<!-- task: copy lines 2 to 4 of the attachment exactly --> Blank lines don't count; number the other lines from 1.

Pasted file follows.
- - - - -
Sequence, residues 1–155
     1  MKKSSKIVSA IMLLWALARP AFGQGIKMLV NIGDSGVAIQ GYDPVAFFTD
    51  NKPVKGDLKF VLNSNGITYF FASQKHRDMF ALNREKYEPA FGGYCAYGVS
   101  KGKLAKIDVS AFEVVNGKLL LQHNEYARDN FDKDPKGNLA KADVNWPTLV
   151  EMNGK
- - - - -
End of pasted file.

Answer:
     1  MKKSSKIVSA IMLLWALARP AFGQGIKMLV NIGDSGVAIQ GYDPVAFFTD
    51  NKPVKGDLKF VLNSNGITYF FASQKHRDMF ALNREKYEPA FGGYCAYGVS
   101  KGKLAKIDVS AFEVVNGKLL LQHNEYARDN FDKDPKGNLA KADVNWPTLV